*. I think Kyle MacLachlan might have been good if he’d been let loose, but here he seems too constrained. I never had the sense of his Joseph K. having a distinct personality, like Anthony Perkins’s climbing neurotic. And this K.’s relationships with women, so essential to the book and to Welles’s version, are left completely mystifying.
*. I could go on making comments like this but I think you get the picture. This is a well-handled production, faithful to a fault to the novel, but it’s not a work of genius. One might recommend it to students too lazy to read the book but I think film lovers will want to stick with Welles.
*. Franz Kafka is usually held, I think fairly, as being one of the great mythographers and prophets of the twentieth century. His work is also characterized most often as having the quality of a nightmare vision of bureaucratic hell. This too strikes me as fair.
*. I don’t mean to be perverse then when I say that I also find his novels strangely comforting. There’s something not modern but old-fashioned in his vision of a world dominated by creaky and opaque hierachies, with influence channeled through the mysterious influence of solicitous women. Of course no one would want to actually be Joseph K., but the lawyer Huld (named Hastler here) seems to lead quite the life, lying in bed all day while being tended to by Romy Schneider. It’s not necessarily a bad world, at least if you can find your place in it.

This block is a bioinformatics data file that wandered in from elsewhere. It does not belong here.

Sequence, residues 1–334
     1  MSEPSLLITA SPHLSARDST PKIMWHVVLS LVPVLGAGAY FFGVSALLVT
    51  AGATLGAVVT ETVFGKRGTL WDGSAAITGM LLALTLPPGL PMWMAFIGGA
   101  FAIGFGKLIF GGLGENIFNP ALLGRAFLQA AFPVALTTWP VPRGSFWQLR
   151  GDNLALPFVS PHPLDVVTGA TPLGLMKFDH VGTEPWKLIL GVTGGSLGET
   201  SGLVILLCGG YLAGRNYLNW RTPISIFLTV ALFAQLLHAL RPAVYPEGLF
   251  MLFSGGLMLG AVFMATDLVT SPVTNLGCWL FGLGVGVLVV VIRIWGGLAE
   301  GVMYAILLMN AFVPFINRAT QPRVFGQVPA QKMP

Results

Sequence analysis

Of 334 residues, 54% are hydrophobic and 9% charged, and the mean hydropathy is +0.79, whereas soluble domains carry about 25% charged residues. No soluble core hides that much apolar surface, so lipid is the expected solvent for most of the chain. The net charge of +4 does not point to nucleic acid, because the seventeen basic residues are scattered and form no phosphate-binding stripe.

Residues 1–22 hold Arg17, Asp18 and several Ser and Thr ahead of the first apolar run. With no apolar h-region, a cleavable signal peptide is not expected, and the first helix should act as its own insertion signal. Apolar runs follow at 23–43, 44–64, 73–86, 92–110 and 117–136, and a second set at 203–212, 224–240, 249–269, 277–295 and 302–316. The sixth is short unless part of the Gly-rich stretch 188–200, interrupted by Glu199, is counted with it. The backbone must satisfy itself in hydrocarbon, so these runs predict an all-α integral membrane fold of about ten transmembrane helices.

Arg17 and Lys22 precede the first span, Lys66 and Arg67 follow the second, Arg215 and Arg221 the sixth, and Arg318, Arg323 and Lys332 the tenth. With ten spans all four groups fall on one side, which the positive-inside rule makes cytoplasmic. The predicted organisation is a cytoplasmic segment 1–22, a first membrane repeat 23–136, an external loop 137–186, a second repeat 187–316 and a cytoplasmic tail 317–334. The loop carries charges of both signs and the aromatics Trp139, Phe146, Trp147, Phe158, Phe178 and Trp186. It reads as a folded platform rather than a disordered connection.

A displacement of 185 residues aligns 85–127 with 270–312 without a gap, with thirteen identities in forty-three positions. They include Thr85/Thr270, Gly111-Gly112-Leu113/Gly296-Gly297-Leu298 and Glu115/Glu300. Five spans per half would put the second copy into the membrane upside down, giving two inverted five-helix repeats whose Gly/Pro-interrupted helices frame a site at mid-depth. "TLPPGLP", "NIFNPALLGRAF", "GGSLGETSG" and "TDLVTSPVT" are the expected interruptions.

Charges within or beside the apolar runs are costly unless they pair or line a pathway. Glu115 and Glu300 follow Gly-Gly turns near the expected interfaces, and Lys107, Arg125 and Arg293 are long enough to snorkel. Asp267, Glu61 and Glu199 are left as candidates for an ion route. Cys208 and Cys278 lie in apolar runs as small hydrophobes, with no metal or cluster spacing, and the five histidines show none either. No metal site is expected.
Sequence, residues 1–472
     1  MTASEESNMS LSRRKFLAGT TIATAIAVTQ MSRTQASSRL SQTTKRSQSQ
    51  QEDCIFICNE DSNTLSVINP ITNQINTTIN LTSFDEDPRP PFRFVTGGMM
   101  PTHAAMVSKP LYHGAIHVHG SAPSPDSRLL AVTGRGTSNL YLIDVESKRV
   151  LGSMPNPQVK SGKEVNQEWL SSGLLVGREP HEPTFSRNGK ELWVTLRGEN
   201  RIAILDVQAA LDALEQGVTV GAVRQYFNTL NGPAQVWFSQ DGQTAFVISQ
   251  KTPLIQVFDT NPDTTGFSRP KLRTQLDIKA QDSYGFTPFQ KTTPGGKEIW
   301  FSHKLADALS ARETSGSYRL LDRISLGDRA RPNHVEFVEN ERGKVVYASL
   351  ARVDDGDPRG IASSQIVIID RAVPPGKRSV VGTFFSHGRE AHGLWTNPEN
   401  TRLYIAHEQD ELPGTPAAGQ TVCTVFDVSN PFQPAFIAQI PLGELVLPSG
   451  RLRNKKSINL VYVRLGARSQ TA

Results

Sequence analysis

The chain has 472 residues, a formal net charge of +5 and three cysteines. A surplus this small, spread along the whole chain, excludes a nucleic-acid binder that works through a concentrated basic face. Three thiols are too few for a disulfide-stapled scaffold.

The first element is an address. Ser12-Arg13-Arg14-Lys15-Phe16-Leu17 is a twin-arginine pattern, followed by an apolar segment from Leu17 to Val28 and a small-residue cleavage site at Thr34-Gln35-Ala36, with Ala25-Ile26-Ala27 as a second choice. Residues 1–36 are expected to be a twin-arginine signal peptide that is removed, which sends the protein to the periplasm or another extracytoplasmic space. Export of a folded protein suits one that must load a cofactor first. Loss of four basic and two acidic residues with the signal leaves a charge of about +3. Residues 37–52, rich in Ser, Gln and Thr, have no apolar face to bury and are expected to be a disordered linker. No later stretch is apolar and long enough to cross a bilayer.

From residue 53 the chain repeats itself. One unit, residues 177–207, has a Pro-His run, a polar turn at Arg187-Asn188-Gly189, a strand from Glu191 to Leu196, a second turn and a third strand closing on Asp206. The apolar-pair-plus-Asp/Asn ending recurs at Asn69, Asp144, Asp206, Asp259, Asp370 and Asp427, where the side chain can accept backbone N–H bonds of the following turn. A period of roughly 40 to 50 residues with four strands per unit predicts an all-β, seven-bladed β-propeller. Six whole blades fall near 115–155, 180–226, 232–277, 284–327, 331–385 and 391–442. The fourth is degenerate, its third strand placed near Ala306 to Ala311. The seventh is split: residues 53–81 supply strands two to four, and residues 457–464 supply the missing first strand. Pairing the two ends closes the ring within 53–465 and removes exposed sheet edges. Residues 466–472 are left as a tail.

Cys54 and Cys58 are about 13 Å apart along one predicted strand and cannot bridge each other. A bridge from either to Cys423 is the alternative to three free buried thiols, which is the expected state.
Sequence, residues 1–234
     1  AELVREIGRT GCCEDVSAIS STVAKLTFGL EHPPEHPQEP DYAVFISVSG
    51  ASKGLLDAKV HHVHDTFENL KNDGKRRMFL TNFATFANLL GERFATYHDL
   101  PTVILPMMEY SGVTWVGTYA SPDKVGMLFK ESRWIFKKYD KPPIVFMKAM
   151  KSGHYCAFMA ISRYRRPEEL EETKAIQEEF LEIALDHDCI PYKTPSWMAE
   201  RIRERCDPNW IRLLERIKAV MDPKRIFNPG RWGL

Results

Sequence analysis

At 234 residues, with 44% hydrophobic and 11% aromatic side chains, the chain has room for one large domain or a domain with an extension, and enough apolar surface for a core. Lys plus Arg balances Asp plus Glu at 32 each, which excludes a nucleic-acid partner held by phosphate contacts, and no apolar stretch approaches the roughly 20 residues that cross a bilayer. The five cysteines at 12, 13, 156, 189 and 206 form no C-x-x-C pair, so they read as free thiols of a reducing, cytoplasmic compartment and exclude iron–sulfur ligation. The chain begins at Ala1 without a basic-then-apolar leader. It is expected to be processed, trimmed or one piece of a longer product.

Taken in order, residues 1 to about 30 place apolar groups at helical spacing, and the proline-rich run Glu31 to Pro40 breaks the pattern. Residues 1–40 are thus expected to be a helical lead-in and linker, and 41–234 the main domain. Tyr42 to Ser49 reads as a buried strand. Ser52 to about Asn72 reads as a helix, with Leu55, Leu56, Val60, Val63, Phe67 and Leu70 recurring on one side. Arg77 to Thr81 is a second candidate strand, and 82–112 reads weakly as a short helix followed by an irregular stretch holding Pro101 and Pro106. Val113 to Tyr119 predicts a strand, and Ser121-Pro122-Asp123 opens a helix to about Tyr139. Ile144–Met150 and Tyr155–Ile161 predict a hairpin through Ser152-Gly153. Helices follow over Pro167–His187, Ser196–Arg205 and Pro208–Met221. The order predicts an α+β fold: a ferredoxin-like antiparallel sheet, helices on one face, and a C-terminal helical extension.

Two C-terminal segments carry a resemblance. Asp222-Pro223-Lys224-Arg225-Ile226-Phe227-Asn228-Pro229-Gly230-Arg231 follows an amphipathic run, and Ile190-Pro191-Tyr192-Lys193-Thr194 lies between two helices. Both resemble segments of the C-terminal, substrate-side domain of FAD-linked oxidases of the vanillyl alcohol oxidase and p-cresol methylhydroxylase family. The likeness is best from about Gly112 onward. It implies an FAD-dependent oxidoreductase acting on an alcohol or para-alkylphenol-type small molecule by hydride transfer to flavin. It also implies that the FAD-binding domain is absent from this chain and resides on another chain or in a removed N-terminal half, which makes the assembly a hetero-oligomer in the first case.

*. I think something of this ambiguity can be seen in the decor and setting of this version of The Trial. One expects to see the curtains rise on an envrionment not unlike the post-WW2 streets of Vienna in The Third Man but we instead find ourselves in a thoroughly modern apartment block, and then a giant open-concept office space filled with clacking typewriters that makes one think Terry Gilliam must have been taking notes for Brazil.